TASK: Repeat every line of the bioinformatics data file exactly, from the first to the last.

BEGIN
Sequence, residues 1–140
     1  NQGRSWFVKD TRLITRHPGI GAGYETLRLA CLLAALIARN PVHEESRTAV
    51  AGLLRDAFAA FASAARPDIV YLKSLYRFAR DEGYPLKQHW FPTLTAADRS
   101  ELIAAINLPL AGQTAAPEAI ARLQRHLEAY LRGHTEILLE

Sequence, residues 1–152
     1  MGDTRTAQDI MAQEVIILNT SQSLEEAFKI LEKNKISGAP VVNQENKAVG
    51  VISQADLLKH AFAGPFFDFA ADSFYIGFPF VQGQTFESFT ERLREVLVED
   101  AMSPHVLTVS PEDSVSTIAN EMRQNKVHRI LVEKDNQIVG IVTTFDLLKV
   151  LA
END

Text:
Sequence, residues 1–140
     1  NQGRSWFVKD TRLITRHPGI GAGYETLRLA CLLAALIARN PVHEESRTAV
    51  AGLLRDAFAA FASAARPDIV YLKSLYRFAR DEGYPLKQHW FPTLTAADRS
   101  ELIAAINLPL AGQTAAPEAI ARLQRHLEAY LRGHTEILLE

Sequence, residues 1–152
     1  MGDTRTAQDI MAQEVIILNT SQSLEEAFKI LEKNKISGAP VVNQENKAVG
    51  VISQADLLKH AFAGPFFDFA ADSFYIGFPF VQGQTFESFT ERLREVLVED
   101  AMSPHVLTVS PEDSVSTIAN EMRQNKVHRI LVEKDNQIVG IVTTFDLLKV
   151  LA